The Wind Point Lighthouse Keeper’s House (1880)
Although the intent of this story is to share the history of the lighthouse keepers and their dwelling, it is impossible to do so without including a few details about the lighthouse itself, which literally and figuratively overshadowed them.

The Wind Point Lighthouse cost about $100,000 to build in 1880.  Initially, the keeper’s house was a single-story structure with a high attic that could accommodate sleeping quarters.  It was connected to the lighthouse tower by a covered walkway.  Both structures were buff-colored brick, and neither was painted or whitewashed for decades. 

This is a Poe style lighthouse, displaying three features typical in the designs of its architect, Orlando Metcalfe Poe.  The tower narrows toward the top.  There are arched windows in the floor just below the light itself.  On the same floor it has graceful interior supports.  Poe was appointed engineer secretary of the United States Lighthouse Board after serving as a brigadier general in the Civil War.

The U.S. Lighthouse Service named Alfred B. Finch, a Civil War veteran, as the first keeper and thus the first resident of the house.  He named his son, Asa, as his assistant.  The senior Finch then gave Wind Point its inaugural lighting on November 15, 1880.  His Keeper’s Log shows that after only a few days of operation the revolving mechanism failed, so he and his son spent five frigid nights manually turning the bulky lens apparatus.

Within a year, Finch turned over lighthouse operations to Lawrence Easson, who named his own son, James, as his assistant.  Born in Scotland, Easson had spent several years captaining different vessels on the Great Lakes, including seven seasons on the schooner J.I. Case.  Easson remained at Wind Point for two years, later serving at a Racine breakwater light that no longer exists.  No other father-son teams managed the lighthouse after them.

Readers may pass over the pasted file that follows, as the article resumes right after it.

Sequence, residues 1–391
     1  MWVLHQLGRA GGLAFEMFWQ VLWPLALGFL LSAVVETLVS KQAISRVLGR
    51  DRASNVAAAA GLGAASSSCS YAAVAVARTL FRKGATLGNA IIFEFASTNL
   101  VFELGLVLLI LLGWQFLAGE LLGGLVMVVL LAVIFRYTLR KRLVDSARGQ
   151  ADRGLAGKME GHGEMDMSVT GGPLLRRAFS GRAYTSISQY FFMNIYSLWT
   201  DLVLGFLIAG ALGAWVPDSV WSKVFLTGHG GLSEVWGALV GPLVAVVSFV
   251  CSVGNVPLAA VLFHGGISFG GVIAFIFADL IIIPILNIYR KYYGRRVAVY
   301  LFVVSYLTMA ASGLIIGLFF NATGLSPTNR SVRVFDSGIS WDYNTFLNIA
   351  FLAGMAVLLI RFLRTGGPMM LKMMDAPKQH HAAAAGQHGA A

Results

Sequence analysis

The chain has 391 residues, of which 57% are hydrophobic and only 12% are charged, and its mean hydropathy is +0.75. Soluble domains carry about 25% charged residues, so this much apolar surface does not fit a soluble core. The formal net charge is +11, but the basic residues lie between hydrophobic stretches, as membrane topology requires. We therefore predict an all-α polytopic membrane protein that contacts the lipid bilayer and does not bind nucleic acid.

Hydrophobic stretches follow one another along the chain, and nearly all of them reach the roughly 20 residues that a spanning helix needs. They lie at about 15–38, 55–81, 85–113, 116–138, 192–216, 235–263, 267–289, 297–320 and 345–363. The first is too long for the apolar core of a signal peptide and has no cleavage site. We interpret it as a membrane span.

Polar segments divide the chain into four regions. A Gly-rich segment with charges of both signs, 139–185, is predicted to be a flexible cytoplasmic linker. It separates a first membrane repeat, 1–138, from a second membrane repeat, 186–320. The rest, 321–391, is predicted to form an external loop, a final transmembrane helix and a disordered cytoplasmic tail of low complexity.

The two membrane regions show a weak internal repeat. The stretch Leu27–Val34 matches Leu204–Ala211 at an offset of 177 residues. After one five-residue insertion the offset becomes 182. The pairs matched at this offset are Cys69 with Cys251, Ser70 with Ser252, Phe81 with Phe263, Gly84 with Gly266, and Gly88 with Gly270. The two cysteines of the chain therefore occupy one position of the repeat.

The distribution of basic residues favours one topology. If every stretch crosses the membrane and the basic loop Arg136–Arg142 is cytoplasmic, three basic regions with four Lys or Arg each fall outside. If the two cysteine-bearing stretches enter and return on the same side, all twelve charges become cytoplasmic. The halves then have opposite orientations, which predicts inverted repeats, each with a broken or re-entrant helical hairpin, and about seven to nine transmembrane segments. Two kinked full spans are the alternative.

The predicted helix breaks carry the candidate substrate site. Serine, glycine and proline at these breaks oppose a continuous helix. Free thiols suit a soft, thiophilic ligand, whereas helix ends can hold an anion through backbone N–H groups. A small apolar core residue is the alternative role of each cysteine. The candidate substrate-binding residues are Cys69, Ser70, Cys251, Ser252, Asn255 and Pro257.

In 1898, the house was expanded under its fourth keeper, Peter Petersen, to provide three separate living units, accommodating two assistants, as well as the keeper.  That renovation included the first recorded painting of the residence, but pictures showed the tower remained buff brick. 

In total, seven keepers and 30 assistants ran the Wind Point Lighthouse and resided there before it became fully automated in 1964.  After that, the residents were referred to as caretakers.

The current caretakers are Michael and Susan Arts, who were appointed by the Wind Point Village Board of Trustees in October 2007.  Lighthouses have always been part of their relationship. Both from the East Coast, they originally met at the Cape Hatteras Lighthouse in North Carolina and then exchanged wedding vows by the Sullivan’s Island Lighthouse in South Carolina.